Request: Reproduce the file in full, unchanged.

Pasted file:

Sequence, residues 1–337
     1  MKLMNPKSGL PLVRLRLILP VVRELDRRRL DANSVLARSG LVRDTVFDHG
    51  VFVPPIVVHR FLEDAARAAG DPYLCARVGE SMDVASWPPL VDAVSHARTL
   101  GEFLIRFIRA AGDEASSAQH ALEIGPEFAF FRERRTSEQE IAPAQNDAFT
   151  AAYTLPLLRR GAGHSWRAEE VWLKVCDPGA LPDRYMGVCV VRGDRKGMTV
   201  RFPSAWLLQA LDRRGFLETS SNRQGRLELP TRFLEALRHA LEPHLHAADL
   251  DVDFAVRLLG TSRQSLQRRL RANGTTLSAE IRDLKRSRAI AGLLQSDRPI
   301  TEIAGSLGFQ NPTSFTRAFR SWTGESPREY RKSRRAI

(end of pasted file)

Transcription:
Sequence, residues 1–337
     1  MKLMNPKSGL PLVRLRLILP VVRELDRRRL DANSVLARSG LVRDTVFDHG
    51  VFVPPIVVHR FLEDAARAAG DPYLCARVGE SMDVASWPPL VDAVSHARTL
   101  GEFLIRFIRA AGDEASSAQH ALEIGPEFAF FRERRTSEQE IAPAQNDAFT
   151  AAYTLPLLRR GAGHSWRAEE VWLKVCDPGA LPDRYMGVCV VRGDRKGMTV
   201  RFPSAWLLQA LDRRGFLETS SNRQGRLELP TRFLEALRHA LEPHLHAADL
   251  DVDFAVRLLG TSRQSLQRRL RANGTTLSAE IRDLKRSRAI AGLLQSDRPI
   301  TEIAGSLGFQ NPTSFTRAFR SWTGESPREY RKSRRAI